interview by Christine Thompson
NOTE: SAG-AFTRA has approved an interim agreement for On Fire since the film is being released by Cineverse, an independent, non-AMPTP affiliated distributor. Under the terms, members “may work on these productions without being in violation of the strike order,” per the guild. The entire team of On Fire expresses their gratitude to SAG-AFTRA for allowing the cast to promote On Fire during this challenging time for the industry.
Peter Facinelli (Donovan “Van” Ray on the Fox series Fastlane, Dr. Carlisle Cullen in the Twilight novel series, Mike Dexter in 1998’s classic movie Can’t Hardly Wait) tells us how he was called to help direct ON FIRE after Director Nick Lyon caught Covid during filming.
Inspired by true and harrowing events, On Fire tells the story of an ordinary man (Peter Facinelli) that finds his world suddenly torn apart as devastating wildfires rip through the surrounding countryside. With precious moments ticking by, he must flee with his son (Asher Angel) and pregnant wife (Fiona Dourif) if they have any hope of surviving the rapid forces of mother nature.
DIRECTOR’S STATEMENT BY NICK LYON
“On Fire” is a film that holds a special place in my heart. It started as a simple treatment in 2017, inspired by a camping trip with my sons, where the idea of being surrounded by a forest fire sparked a terrifying concept; to make a survival disaster movie that takes place in a forest fire.
As a film director, “On Fire” is one of the technical accomplishments I am most proud of. To make a film about the calamity and terror of surviving a forest fire is no small task. With “On Fire”, I knew I needed to devise and design a style to quickly and safely portray a forest fire, without setting an entire forest ablaze, and without millions in additional production costs, that would allow me to focus on the drama of the family’s journey and their survival amidst the burning chaos. Lower budget, high concept action, and disaster are genres I specialize in as a filmmaker; it’s sort of my forte. Before “On Fire”, I had directed multiple films, where I combined lighting techniques, fog and smoke, real fire, and visual effects to create disaster situations, which is the technique I chose to implement in this film, which would otherwise have been impossible to do as a lower budget production. I felt it essential for me to shed light on the intensity, horror, and devastating impact of wildfires across the world. From its inception, while sitting at a campfire with my boys, the film’s story evolved over time, incorporating fictionalized elements from true stories of actual fire victims and the ever-growing threat of forest fires. Collaborating with my co-writer Ron Peer, we transformed the original treatment into a full-length feature film script. Executive Producers, Simon Crow and Matthew Joynes of SC Films International, with whom I produced Bullet, brought the story to Lonestar Storytellers, who showed great enthusiasm for the script and very quickly decided to finance and produce the film. We were off to the races in August of 2021, and physical production was finished by Thanksgiving 2021.
Escalating forest fires threaten landscapes worldwide as populations encroach into the wilderness, and warming climates fuel an increasing amount of forest fires globally. It was important for me to depict a relatable, all-American family, who, despite their modest means, face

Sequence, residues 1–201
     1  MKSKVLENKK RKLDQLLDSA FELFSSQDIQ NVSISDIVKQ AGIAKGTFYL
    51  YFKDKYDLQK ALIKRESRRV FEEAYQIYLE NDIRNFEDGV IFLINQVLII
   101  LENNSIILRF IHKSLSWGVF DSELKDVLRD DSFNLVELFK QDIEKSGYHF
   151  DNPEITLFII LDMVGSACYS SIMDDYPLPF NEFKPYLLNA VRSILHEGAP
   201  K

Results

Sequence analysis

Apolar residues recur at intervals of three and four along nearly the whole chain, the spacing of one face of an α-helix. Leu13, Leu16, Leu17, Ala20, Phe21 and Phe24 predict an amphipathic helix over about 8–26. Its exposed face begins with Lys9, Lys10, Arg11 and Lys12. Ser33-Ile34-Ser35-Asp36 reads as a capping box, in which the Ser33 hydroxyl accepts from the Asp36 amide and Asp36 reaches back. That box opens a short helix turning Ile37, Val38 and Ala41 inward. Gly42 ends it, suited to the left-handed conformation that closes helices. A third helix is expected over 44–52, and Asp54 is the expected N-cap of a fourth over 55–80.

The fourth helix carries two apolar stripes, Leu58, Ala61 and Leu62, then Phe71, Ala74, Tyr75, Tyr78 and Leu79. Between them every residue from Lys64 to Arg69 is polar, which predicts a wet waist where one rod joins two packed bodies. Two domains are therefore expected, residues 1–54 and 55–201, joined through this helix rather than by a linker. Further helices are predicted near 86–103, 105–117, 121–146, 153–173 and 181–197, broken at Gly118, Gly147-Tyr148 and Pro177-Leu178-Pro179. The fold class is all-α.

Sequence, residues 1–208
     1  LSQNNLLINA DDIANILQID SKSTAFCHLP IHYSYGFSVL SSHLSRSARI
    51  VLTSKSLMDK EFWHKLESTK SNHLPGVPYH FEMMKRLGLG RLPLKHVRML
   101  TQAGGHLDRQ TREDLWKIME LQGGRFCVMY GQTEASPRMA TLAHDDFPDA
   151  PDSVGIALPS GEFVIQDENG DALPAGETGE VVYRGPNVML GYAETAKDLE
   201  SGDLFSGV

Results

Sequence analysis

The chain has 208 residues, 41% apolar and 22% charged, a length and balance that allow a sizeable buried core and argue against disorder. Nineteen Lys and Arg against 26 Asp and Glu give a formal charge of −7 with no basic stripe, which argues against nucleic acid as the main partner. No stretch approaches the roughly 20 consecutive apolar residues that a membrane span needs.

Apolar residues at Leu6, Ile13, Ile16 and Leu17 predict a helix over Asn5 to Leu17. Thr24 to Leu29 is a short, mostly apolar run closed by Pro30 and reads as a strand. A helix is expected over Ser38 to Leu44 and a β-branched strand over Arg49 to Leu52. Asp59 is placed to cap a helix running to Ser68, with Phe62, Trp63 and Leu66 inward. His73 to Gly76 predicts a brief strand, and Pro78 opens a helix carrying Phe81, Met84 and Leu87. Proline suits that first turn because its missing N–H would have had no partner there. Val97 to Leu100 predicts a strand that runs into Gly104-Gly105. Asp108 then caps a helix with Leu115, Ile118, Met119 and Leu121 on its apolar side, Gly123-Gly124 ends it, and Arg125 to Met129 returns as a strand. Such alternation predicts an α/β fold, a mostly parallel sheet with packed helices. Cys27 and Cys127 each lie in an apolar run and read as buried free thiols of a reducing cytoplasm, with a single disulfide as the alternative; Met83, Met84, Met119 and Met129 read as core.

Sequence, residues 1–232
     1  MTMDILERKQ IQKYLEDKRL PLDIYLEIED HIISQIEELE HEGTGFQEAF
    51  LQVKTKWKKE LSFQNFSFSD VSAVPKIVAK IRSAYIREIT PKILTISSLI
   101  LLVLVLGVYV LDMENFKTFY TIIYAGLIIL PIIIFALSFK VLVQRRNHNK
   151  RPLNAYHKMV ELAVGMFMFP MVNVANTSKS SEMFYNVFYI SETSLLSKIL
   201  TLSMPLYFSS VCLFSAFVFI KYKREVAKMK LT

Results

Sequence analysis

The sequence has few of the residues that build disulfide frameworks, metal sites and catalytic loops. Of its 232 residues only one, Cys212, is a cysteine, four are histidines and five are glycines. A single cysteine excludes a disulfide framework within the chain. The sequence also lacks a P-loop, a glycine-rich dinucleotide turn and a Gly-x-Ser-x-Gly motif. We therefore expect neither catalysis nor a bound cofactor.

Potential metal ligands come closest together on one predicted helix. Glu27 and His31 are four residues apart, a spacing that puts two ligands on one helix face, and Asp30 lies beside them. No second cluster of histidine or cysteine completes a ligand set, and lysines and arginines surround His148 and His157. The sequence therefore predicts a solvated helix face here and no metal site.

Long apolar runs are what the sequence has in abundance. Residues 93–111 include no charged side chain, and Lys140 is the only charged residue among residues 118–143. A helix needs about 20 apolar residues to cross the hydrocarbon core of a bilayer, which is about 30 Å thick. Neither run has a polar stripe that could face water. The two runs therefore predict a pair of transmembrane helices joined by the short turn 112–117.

the imminent loss of their entire livelihood due to the fire. I cast Peter Facinelli, Fiona Dourif, Asher Angel, and Lance Henriksen to portray the Laughlin Family, an All-American working- class family whose entire life is tied up in their home. If they lose it, they lose everything so the stakes are high. And to boost the stakes and danger even more, I decided to make the Matriarch of the family Sarah Laughlin 9 months pregnant; which made their quest for survival more than just them. Each actor passionately imbued their role with depth and emotion, capturing the characters’ essence and struggle to survive and protect what matters most; their home and family.
I also wanted to pay tribute to the courageous first responders who risk their lives to combat forest fires. But rather than tell the story of the firefighter, I chose to tell the first responder side of the story from the perspective of a 911 operator. Ashlei Foushee embodied this wonderfully as a novice operator, experiencing her first fire. Her performance added nuance, and intensity, highlighting their incredible responsibility and the emotional turmoil such responders must endure.
At the tail end of physical production, I contracted Covid, leaving me unable to complete the film. But with all ingredients in place, Peter Facinelli, who had a deep understanding of his character and understood my vision, stepped in as a director, successfully guiding the project to its completion for the last week. Peter’s contribution played a crucial role in bringing the film across the finish line while holding up the integrity and style that had been established.
“On Fire” is more than just a film; it is a call to action. Through compelling storytelling, it raises awareness about the escalating threat of forest fires and reminds us that we as humans live in nature, and as our societal footprint encroaches further and further into nature, we must respect its power. Directing “On Fire” was a great honor and a fulfilling experience. To have the opportunity to write, direct, and produce a film that carries such meaningful significance is a rare privilege, and I am immensely grateful.
Peter Facinelli, Fiona Dourif, Asher Angel, Lance Henriksen, Glenn Morshower and Ross McCall
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